Answer: "The Flight of the Phoenix" (both the original film and the remake) is a fictional tale about a group of men beating odds that are overwhelmingly against them. Just the fact that they survived the desert crash is incredible enough, and that is what sets the tone for a whole series of death-defying events thereafter. It's sensational movie-making, stacking one death-defying event atop another; after all, there would be little reason to watch an adventure film in which everyone dies in the first 15 minutes. There are, of course, real-life incidents that are equally sensational: the crash landing of U.S. Airways Flight 1549 in the Hudson River in 2009, for example. All 155 passengers and the crew of Flight 1549 incredibly survived, against all odds (as depicted in the 2016 film "Sully").

Charles Austin Miller

Show generally

Question: When SG-1 travels to alien planets they always experience earth like gravity. Shouldn't they be experiencing different gravity on different planets?

Answer: Basically, if a planet has the same mass and size, it will have the same gravity. Since the Stargates were placed on habitable planets, it's likely they placed them on planets with the same gravity. Even if the planet's varied in mass or size, a planet's gravity in relations to Earth can be calculated as m/r^2where m is the planet's mass compared to Earth's mass and r2 is the planet's radius (compared to Earth's) squared. So if a planet had 50% the mass and 70% radius of Earth, gravity would be 0.5/0.7^2 which would be 1.02 times the gravity of Earth (or roughly the same).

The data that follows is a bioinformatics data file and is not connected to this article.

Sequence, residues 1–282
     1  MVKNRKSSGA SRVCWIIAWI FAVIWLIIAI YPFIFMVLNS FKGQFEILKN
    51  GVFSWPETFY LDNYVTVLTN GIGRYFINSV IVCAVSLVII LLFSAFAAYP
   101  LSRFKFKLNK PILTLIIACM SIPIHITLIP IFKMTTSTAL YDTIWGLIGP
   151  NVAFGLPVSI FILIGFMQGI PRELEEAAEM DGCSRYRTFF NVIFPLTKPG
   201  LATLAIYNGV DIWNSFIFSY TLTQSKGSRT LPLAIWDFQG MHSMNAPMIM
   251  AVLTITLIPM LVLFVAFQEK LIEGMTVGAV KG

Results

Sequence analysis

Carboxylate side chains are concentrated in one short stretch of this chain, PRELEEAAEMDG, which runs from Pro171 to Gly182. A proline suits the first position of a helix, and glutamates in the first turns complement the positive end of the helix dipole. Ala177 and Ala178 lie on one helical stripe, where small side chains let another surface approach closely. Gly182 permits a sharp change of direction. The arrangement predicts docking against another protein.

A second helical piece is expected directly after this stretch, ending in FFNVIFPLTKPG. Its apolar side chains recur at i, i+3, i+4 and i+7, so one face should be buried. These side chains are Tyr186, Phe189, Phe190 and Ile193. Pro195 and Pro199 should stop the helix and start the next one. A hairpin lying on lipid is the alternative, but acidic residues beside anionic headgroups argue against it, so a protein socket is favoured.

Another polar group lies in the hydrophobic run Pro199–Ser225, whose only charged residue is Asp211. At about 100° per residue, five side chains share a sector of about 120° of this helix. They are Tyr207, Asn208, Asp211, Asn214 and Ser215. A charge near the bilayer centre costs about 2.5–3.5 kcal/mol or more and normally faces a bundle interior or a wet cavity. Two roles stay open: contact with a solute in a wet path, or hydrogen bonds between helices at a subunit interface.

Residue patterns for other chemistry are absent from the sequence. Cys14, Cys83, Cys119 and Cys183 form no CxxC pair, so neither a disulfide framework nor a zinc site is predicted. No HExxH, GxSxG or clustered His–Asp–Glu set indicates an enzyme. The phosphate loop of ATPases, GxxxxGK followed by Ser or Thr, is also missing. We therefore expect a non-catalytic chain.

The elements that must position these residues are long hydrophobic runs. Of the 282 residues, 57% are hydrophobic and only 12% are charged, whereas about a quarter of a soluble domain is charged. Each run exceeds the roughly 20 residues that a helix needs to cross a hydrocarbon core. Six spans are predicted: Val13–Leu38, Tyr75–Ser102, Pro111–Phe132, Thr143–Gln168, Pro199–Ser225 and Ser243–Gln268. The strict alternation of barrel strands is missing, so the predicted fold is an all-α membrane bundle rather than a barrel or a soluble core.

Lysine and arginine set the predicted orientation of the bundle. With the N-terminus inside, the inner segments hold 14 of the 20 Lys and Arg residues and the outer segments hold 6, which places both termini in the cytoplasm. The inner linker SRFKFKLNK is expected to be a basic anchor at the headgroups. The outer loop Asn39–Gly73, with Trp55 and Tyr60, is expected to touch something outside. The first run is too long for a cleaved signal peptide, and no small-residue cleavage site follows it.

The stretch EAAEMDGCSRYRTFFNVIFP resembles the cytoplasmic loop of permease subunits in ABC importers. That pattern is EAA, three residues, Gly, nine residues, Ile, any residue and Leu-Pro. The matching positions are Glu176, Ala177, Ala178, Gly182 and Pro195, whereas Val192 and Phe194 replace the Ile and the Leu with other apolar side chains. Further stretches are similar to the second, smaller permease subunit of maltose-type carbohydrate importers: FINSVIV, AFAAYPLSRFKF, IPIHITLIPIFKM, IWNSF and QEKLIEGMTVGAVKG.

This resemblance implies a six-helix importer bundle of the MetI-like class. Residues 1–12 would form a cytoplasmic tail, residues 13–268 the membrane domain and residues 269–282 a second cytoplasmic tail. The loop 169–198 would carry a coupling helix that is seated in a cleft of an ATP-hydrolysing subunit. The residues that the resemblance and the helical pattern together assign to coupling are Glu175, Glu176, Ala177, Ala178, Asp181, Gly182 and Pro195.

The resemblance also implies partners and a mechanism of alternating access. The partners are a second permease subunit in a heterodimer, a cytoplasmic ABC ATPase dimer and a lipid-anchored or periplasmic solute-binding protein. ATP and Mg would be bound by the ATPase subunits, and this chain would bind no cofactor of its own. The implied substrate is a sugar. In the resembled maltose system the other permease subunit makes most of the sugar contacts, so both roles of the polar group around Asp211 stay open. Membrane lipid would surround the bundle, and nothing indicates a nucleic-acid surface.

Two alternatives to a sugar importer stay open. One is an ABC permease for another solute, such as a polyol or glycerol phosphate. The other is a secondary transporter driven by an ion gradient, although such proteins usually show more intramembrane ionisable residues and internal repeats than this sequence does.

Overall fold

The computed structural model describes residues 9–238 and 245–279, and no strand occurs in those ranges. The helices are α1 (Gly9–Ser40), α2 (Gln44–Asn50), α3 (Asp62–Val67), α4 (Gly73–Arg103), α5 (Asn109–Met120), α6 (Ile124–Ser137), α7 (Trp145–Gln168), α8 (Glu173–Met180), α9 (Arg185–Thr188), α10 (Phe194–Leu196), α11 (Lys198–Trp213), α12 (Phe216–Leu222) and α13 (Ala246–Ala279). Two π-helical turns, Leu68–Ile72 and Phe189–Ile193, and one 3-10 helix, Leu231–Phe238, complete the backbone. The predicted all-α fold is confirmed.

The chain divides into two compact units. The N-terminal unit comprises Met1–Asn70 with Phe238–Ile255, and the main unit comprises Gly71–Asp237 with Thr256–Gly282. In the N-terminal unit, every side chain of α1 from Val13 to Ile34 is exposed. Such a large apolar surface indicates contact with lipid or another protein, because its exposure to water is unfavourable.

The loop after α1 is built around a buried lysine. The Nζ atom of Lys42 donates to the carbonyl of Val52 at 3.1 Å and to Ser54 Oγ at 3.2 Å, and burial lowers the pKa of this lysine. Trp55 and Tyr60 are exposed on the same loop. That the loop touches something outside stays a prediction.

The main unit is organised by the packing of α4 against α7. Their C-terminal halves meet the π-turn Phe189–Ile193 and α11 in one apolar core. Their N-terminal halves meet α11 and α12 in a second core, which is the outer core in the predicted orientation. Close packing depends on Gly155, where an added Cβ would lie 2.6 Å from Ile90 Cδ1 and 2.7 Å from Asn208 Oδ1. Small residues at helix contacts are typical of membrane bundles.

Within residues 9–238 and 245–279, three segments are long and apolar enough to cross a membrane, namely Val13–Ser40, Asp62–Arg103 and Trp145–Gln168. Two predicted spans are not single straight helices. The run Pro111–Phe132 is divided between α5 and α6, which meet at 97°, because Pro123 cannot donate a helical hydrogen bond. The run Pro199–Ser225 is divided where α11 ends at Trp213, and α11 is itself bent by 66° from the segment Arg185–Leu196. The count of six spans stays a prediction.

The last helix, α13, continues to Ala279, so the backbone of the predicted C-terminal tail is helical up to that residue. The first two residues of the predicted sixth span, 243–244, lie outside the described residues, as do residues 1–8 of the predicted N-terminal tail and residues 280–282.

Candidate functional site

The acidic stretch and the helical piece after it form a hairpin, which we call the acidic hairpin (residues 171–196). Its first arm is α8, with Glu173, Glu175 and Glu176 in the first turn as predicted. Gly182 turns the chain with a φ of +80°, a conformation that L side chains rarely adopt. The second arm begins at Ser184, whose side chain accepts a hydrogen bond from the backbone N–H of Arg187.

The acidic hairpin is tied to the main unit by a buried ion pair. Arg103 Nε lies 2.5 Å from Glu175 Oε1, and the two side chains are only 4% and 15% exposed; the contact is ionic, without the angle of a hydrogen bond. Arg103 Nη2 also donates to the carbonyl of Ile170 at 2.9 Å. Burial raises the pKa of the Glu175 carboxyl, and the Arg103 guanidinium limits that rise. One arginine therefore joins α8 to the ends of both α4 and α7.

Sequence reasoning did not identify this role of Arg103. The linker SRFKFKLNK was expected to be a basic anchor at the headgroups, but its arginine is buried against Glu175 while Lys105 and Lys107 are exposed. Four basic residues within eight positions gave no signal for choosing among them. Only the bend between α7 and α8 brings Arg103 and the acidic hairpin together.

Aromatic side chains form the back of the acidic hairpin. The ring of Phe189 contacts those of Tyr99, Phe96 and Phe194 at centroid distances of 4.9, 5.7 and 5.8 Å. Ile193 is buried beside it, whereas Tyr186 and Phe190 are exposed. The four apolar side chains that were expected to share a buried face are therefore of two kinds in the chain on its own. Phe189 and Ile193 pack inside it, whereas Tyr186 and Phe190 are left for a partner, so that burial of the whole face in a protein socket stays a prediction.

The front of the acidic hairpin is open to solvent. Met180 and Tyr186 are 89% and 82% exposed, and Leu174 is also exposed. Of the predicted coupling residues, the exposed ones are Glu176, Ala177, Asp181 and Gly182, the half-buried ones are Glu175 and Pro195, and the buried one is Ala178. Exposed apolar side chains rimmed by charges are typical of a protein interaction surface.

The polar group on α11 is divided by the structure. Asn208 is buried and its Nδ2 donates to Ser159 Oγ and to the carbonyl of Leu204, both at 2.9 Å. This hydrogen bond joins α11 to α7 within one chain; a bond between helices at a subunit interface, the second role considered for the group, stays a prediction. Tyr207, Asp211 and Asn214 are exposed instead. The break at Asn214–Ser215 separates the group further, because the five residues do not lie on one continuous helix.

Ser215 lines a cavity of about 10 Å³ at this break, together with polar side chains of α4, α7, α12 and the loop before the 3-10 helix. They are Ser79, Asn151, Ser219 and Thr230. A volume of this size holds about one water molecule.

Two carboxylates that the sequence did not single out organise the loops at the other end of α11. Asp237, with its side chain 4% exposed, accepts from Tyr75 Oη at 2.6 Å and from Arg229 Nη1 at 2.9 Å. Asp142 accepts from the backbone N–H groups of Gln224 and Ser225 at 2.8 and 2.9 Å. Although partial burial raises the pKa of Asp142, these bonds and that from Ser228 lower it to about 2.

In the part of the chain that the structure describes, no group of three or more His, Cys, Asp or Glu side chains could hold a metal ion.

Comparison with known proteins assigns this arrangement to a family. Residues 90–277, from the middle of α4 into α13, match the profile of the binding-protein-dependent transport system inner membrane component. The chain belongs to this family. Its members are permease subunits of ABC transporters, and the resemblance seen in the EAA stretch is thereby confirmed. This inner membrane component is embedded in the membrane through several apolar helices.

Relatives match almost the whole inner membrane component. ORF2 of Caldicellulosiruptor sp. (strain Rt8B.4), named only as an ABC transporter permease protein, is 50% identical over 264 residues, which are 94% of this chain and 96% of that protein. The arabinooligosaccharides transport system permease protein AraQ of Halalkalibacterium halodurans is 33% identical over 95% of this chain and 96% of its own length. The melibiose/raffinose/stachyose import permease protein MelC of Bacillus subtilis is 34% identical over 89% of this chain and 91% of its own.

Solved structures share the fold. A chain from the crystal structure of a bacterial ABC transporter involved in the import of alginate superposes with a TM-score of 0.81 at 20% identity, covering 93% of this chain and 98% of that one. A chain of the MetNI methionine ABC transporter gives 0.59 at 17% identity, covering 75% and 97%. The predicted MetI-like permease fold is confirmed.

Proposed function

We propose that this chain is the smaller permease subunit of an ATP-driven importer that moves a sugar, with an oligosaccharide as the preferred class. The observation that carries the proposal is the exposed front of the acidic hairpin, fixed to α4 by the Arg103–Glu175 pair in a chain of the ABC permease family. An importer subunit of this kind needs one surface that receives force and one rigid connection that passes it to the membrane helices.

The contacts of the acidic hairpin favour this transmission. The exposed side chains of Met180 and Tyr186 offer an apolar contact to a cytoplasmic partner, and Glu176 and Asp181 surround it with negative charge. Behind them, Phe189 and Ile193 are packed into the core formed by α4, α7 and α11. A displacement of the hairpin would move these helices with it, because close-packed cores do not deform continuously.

Answer: Goldilock zone.

What does this answer have to do with the question?

Nothing, just someone trying to be clever.

lionhead

Brian's Got a Brand New Bag - S8-E4

Question: "That's the number, Brian. Just dial 0 and read it to Sarah." I don't understand what's going on here and who is Sarah?

HEK_98

Answer: It's a joke about how Rita's so old the number on her bracelet wasn't a 7-digit number. In the early 20th century to place a call you could call "Central" and tell the operator "Murray Hill 4185" and she would connect you. Rita is telling Brian to call the operator (dial "0") and read "Murray Hill 4185" to Sarah, the operator.

Bishop73

Question: Who voices the ring in this movie?

Answer: According to an Internet search, the One Ring is voiced by Benedict Cumberbatch in the movie.

jimba

Question: Did Dick Warlock play Michael Myers in every scene he's in, even stunts? I was curious considering that Warlock was a stuntman and could have done the balcony fall and Michael burning scenes as well.

Gavin Jackson

Answer: From what I have read: yes.

Alan Keddie

Question: Who is the guy suposed to be that Jack kills in the beginning at the night club? (00:04:50)

Quantom X Premium member

Answer: His name was Anton. He was an associate of Viktor Chagarin. Jack, although lying, said Yuri Komarov sends his regards. Chagarin and Komarov were former partners and Chagarin was the one who got Komarov put in jail. By Jack saying Komarov sent him, it made it seem like Komarov was out for revenge on Chagarin (by attacking his associates). The courts offered to reduce Jack's sentence for testifying against Komarov, which allowed Jack to get close to him and help him escape.